Yesterday Mr. Primo had turned out some of the absolutely delectable buttermilk bars with a thick coating of chocolate on top. Still warm. Oh, man. I got home and inhaled it with a glass of cold milk. Nirvana.

          2918 Sawtelle Blvd, Los Angeles, CA

          1. re: Servorg

            I share the love and high regard for Primo's -- they have history and a delicate, light style and some unique offerings. But it has been a LONG time since anyone mentioned another standout nearby, Royal Donuts. They are located in the middle of the strip mall on the S/E corner of Sepulveda and Palms, across from the Trader Joe's. A superior big cinnamon roll, the crispy crunchy fried glazed kind (as opposed to Primo's lighter iced), and perhaps their strongest donut is the crumb. Really hsrdworking, friendly Cambodian family owns and runs the place. A hound did a comparison a couple of years ago, and surprisingly Royal beat Primo's, for the donuts and also for the coffee.

        2. re: nosh

          Nosh - I tried to look up Amandine so I could go get a croissant, but I find one in downtown LA and one in Hollywood and one out by the beach. Can you provide a link to the one with the good croissants?

          1. re: rianael1

            You successfully found it yourself in this slightly later post:

        3. Just had lunch there the other day. I'd say skip the sandwiches (good but average and way overpriced for what they are) and go to the desserts. I had the chocolate truffle pudding and the salted caramel square, both were delicious. Had the donut which was so unremarkable that 3/4 of it was left behind. Maybe hot and fresh it would have been good, but so are most hot donuts.
          I'm not in love with Huckleberry. I'm glad it's around, but I don't see myself going back on a regular basis.

          1. I plan on splurging on a pastry there soon. Which is your favorite? Can't decide on my own. The crostata, bundt cake or maple bacon biscuit? I also saw a slice of yellow cake with chocolate icing on another blog that looked tempting.

            7 Replies
            1. re: bruinike

              The maple bacon biscuit really is phenomenal, moist and flakey without feeling like a rock in the stomach. The fruit square is also really good.

              I haven't tried the crostata, but I do have to agree that $9 is pricey.

              1. re: sidwich

                Thank you for that. I meant splurge on a high caloric treat but yes that is a bit pricey. I also just noticed on their menu a lemon cornmeal bundt cake which sounds like a contender. What a decision!

                1. re: bruinike

                  Their tarts are also awesome, my favorite being the banana caramel or salted caramel. Their cornmeal cake is okay, if you like a moister cake. If not, go for their regular coffee cake which is very good but it does have nuts in the middle streusel.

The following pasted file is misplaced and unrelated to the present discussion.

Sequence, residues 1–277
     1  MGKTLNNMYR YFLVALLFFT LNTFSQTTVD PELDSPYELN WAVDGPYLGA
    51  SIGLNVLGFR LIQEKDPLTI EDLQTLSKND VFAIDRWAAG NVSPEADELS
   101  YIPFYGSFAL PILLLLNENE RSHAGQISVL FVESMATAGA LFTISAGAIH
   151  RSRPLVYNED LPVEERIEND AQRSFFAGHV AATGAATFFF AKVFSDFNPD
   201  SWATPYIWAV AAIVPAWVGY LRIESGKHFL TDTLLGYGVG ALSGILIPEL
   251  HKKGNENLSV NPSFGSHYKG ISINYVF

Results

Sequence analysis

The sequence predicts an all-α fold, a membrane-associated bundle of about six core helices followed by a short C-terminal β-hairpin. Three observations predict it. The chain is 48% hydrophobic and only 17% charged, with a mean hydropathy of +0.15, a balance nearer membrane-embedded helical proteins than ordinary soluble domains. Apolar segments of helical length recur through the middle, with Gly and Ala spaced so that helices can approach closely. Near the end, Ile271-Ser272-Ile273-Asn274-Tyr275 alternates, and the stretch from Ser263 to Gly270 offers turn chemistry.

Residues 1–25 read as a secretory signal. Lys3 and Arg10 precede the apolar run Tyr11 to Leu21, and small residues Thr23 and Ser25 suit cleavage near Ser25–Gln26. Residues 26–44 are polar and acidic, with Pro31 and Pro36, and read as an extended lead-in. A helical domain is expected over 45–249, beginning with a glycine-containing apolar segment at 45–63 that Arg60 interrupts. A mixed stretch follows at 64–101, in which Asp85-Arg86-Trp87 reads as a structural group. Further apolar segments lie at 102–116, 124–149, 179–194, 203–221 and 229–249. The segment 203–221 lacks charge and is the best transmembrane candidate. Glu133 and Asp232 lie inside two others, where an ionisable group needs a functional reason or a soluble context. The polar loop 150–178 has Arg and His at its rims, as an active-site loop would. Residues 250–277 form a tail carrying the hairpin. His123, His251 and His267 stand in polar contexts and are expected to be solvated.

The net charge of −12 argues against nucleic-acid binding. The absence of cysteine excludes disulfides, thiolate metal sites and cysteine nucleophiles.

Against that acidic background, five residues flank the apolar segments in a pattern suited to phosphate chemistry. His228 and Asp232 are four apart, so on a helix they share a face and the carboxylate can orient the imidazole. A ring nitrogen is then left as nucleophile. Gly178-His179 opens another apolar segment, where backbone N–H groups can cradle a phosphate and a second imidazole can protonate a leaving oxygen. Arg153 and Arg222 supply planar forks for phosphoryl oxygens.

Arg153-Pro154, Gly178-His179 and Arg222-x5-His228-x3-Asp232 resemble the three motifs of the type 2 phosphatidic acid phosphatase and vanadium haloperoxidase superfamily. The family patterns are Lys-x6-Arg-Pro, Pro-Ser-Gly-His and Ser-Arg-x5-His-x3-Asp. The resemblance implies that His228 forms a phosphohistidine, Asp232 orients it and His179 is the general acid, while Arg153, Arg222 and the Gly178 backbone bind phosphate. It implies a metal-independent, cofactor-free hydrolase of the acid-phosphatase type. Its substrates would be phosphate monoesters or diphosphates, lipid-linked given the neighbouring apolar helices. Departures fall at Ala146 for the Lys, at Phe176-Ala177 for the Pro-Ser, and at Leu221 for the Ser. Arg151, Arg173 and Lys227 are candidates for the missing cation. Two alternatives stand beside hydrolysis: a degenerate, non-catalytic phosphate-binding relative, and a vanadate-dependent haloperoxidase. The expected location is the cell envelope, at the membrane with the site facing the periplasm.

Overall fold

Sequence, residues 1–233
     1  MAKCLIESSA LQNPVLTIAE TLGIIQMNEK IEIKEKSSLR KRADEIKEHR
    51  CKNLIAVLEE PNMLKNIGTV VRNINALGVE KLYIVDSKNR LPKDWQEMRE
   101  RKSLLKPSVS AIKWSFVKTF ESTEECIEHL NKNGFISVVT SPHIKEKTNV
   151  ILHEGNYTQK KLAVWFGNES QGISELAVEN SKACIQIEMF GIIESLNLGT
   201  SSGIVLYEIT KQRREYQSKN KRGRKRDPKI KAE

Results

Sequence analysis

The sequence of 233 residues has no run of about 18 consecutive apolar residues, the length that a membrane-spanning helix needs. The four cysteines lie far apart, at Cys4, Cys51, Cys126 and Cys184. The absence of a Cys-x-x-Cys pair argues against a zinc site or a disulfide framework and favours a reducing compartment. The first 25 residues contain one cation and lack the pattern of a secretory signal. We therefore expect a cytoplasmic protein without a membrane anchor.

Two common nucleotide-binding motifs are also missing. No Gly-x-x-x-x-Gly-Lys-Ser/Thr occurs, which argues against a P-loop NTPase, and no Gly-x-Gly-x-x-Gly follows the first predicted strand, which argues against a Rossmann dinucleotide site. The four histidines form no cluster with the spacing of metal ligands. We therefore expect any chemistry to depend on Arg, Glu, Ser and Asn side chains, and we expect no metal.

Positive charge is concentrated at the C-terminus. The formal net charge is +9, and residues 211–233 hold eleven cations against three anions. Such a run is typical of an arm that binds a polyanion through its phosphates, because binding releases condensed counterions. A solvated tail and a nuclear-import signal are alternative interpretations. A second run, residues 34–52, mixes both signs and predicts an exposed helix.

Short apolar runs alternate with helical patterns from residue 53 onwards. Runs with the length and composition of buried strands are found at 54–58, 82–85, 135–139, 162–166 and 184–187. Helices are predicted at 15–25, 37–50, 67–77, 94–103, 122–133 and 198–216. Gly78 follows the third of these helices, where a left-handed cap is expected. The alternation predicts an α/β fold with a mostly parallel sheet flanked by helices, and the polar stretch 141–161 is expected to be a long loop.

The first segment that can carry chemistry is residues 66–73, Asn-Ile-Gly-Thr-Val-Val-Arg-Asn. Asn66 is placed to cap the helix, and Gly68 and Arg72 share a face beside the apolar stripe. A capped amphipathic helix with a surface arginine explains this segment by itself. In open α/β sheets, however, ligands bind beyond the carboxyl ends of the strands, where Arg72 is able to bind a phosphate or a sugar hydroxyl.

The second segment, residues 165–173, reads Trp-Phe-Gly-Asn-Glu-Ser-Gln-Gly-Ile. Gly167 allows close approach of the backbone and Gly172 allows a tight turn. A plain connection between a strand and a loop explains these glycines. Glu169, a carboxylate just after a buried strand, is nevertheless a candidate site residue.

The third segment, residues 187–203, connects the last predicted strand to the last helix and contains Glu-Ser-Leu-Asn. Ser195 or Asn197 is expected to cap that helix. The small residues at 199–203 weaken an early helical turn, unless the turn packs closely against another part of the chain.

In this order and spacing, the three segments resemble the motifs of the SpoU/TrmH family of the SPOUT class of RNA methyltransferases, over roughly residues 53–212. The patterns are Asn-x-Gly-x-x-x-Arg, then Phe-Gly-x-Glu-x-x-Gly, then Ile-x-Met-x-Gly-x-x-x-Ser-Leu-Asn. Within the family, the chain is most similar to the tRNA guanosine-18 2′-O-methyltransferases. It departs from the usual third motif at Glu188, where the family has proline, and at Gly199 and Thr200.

1. re: bruinike

                    The blueberry crostada is fantastic, but I still prefer the maple bacon biscuit. mmmm...

                    1. re: mollyomormon

                      Ahhh I don't think I'll be able to decide between the two! Might be a game time decision. Does the crostata have plenty of fruit in it?

                      1. re: bruinike

                        It has tons! both the filling and the crust are really wonderful.

                        1. re: mollyomormon

                          Sounds amazing. Can't wait to try both. I will report back. Thank you much!

              2. I live around the corner from Huckleberry and curse its arrival's impact on the (already scarce) parking...and even more so once I ate there.

                After the frustrating and confusing wait--is there really one line? Why were people cutting? I got a brisket sandwich, carmelized onion flatbread and roasted veggies (cauliflower, sunchoke & butternut squash). While they were all yummy, at $25 for all of them plus tip, I won't be back frequently--and I think that my cardiologist will thank me. All of these items were SUPER RICH! There is no shortage of butter or olive oil--rendering them delicious! It took me three days to work through them all.

                However the hypertension from waiting in line with other like-minded Westsiders make the visit NOT worth the trip--despite living nearby.

                Plus I found the staff to be very unpleasant and more interested in avoiding eye contact than dealing with customers. A $7.50 PB&J?! Rude employees! Crowds on crowds on crowds! No matter how good the food is, count me out!

                10 Replies
                1. re: BunnieBear

                  Agree with this. Outrageously overpriced. Tasty, but not THAT tasty.

                  1. re: BunnieBear